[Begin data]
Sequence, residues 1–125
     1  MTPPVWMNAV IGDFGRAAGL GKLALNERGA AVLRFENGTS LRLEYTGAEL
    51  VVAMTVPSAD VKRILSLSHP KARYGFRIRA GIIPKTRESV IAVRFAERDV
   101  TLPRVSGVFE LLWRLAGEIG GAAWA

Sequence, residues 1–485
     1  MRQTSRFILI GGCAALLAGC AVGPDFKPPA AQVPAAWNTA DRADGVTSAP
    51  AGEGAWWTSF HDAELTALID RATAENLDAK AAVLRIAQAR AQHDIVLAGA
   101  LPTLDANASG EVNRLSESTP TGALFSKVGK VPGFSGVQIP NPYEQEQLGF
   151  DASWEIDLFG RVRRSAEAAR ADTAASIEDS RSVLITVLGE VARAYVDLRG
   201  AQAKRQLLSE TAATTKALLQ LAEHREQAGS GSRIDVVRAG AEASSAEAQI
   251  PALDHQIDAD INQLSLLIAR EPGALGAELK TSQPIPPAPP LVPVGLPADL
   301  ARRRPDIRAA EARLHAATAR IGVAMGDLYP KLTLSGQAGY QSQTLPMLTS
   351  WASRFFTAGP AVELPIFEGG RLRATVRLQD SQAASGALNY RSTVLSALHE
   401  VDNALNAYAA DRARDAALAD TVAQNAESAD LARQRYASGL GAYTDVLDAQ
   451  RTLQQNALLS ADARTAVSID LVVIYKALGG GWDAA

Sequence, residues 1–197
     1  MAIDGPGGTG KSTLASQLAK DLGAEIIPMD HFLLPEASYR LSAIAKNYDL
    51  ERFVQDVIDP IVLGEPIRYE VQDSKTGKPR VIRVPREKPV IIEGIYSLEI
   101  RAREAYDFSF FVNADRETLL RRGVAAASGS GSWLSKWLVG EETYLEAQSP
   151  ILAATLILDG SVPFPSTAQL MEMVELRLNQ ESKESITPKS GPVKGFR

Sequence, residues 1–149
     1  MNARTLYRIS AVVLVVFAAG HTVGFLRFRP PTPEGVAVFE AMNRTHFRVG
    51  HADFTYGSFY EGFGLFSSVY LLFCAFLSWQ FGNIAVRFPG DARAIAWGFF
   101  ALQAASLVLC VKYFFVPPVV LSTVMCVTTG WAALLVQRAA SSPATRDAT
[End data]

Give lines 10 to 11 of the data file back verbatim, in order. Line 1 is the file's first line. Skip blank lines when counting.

   201  AQAKRQLLSE TAATTKALLQ LAEHREQAGS GSRIDVVRAG AEASSAEAQI
   251  PALDHQIDAD INQLSLLIAR EPGALGAELK TSQPIPPAPP LVPVGLPADL